Aesculus turbinata : Japanese Horse Chestnut
Common English Name: Japanese Horse Chestnut
Japanese Name (Katakana): トチノキ
Japanese Name (Kanji): 栃の木
Height: 20 - 30 meters
Endemic to Japan, Aesculus turbinata is known for its large compound leaves and edible nuts that were an important food source in ancient Japan. It can be found in Hokkaido (below Sapporo), Honshu, Shikoku, and Kyushu. The origin of the Japanese name トチノキ (Tochinoki) is disputed. Some theories propose it comes from the language of the Ainu, the indigenous people of northern Japan. Others suggest the name derives from the plentiful amount of nuts the trees provide, as the Japanese katakana for トチ (tochi) is very similar to the kanji ‘十千’ which means ‘ten thousand.’ In wild habitats, these trees can often be found in the mountains alongside a creek, though it is also a commonly planted species of street and park tree.
The seeds of Aesculus turbinata were an important food staple in the ancient Jomon era (縄文時代) of Japan (roughly 14,000 BCE - 300 BCE). The seeds contain large amounts of saponins, which are bitter-tasting compounds produced by plants to deter other organisms from eating it. Though more toxic to organisms like fish than humans (because saponins are poorly digested by mammals), the seeds of Aesculus turbinata must be thoroughly processed to make consumption safe for people and less bitter. The processing of Aesculus turbinata takes years of experience to perfect and involves a multi-day procedure of softening, peeling, and dipping the nut into running water and ash to leach out the saponins.
There is evidence that ancient people had figured out this process by the mid-Jomon era (approximately 2500 BCE - 1500 BCE). Aesculus turbinata seeds have been found at more than 80 ancient archaeological sites across Japan. At many of these sites, areas designed to cultivate Aesculus turbinata trees and evidence of communal seed processing spots have been found.
Even after the end of the Jomon era, Aesculus turbinata seeds remained an important food source at various points of Japanese history (especially during times of famine) because of its reliable and consistent production of seeds. It has also served as an alternative food source in mountainous areas where rice was scarce. Traditionally, Aesculus turbinata seeds have been eaten as “Tochi-mochi” (栃餅), a horse chestnut rice cake that is made by boiling seeds and sticky rice together. Since this mochi doesn’t harden as quickly as rice mochi, Tochi-mochi has also been used as a wintertime food for hunters.
Leaves: Leaves are compound and comprised of 5 -7 dark green, serrated leaflets (for the difference between compound and simple leaves, please visit this page by the Cofrin Center for Biodiversity). Each leaflet can grow quite large, at up to 20-36 cm long. Red Horse Chestnut (Aesculus x carnea) leaves are similar, but its leaflets have doubly-serrated edges. The Japanese Bigleaf Magnolia (Magnolia obovata) is also similar, but has leaves that are simple, not compound.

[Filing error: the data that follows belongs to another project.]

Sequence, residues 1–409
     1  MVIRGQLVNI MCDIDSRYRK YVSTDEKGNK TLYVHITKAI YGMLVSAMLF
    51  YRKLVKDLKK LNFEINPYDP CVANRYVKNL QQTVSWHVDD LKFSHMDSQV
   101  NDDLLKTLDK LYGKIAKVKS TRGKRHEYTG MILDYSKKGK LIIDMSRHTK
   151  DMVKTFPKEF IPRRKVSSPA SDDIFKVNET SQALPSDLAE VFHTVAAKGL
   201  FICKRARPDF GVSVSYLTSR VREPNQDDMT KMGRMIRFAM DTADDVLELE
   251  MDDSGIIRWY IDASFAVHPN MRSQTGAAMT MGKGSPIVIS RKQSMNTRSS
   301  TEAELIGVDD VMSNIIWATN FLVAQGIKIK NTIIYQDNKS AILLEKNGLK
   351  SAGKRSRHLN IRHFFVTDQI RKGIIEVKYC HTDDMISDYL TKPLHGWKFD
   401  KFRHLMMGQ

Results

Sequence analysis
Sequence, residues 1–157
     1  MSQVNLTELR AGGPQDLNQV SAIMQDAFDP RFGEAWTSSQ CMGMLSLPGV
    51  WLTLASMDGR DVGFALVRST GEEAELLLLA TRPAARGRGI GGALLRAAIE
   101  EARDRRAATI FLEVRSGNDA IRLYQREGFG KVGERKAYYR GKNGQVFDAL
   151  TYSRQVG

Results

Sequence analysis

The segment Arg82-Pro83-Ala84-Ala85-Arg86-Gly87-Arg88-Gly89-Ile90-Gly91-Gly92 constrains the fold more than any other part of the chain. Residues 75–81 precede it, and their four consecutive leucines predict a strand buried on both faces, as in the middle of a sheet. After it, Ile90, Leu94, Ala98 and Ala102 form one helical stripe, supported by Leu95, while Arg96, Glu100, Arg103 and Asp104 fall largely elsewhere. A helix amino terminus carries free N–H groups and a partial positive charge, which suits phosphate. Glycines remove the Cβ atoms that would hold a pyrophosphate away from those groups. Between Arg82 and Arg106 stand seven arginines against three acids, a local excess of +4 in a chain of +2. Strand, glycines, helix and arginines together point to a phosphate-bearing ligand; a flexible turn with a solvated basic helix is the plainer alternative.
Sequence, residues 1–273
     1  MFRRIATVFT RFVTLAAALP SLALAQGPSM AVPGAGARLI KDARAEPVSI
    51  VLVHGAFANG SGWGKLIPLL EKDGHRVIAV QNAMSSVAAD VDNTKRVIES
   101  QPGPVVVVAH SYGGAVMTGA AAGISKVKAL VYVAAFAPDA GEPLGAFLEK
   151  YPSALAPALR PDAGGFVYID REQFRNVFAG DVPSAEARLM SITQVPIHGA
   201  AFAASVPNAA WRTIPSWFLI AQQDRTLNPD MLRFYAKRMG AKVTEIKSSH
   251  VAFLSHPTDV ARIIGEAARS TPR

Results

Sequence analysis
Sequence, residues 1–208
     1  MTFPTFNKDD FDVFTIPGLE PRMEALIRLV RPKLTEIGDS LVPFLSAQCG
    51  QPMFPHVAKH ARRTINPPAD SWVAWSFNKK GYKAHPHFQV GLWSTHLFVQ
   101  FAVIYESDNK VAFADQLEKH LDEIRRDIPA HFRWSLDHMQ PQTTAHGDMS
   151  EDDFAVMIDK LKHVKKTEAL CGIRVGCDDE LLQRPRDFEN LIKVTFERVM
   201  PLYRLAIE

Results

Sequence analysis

Flowers and Fruit: Aesculus turbinata is in flower from May - June. The flowers are white and appear in upright, cone-shaped, branching clusters of flowers (or panicles). Each panicle can grow 15 - 25 cm in height. Producing a sweet, subtle scent, the flowers attract pollinators, such as bees, and produce nectar for three days after blooming. Almost all flowers on the panicle are male, with some hermaphroditic flowers at the bottom of the panicle.
The fruit appears from September - October, appears pear-like in shape and coloration, and is about 5 cm wide. Unlike some other horse chestnut species, Aesculus turbinata fruits do not have spines. Inside the fruit is a large seed, about 2.5 - 3 cm in width. The seed is notable because half of it is covered by its hilum - a light brown scar that denotes where the seed was attached to the inside of the fruit. The other half of the seed is dark brown, smooth, and shiny.
A note about edible plants: Tokyo Naturalist does not recommend attempting to consume or prepare gathered nuts, leaves, or other materials without the direct guidance of an expert. The information provided here is meant to provide cultural and historical background on the uses of this species in Japan, and should not serve as a guide for gathering or preparation. We can not assume responsibility for the potential adverse effects of consuming improperly identified or prepared plants. Please exercise great caution and consult with an expert for more information.
Dirr, Michael A. Dirr's Encyclopedia of Trees and Shrubs. Timber Press, 2017.
“Herbarium.” Cofrin Center for Biodiversity, University of Wisconsin-Green Bay, 2004, www.uwgb.edu/biodiversity/herbarium/trees/simple_compound_leaves01.htm.
Kitagawa, Junko. “食料の安定供給源としてのトチノキ.” https://www.chikyu.ac.jp/sato-project/news_letter/news_letter_14.pdf.
“Saponin - An Overview.” ScienceDirect , Elsevier, www.sciencedirect.com/topics/medicine-and-dentistry/saponin.
“Tochi Mochi (Horse Chestnut Rice Cake).” The Best of Gifu, Department of Agriculture, Gifu Prefectural Government , gifu-kiwami.jp/en/products/1231/.
“樹木シリーズ⑳ トチノキ.” 森と水の郷あきた あきた森づくり活動サポートセンター 総合情報サイト, 13 Aug. 2017, www.forest-akita.jp/data/2017-jumoku/20-tochi/tochi.html.
Field Guides Consulted:
Title: 葉っぱで見分け五感で楽しむ樹木図鑑 (Happa de miwake gokan de tanoshimu jumokuzukan)
Author: 林将之 (Hayashi Masayuki)
Publishing Date and Publisher: 2014, ナツメ社
Title: 樹皮・葉でわかる樹木図鑑 (Juhi・Hadewakaru jumokuzukan)
Author: 菱山忠三郎 (Hishiyama Chuzaburo)
Publishing Date and Publisher: 2011, 成美堂出版
Photography: Siri McGuire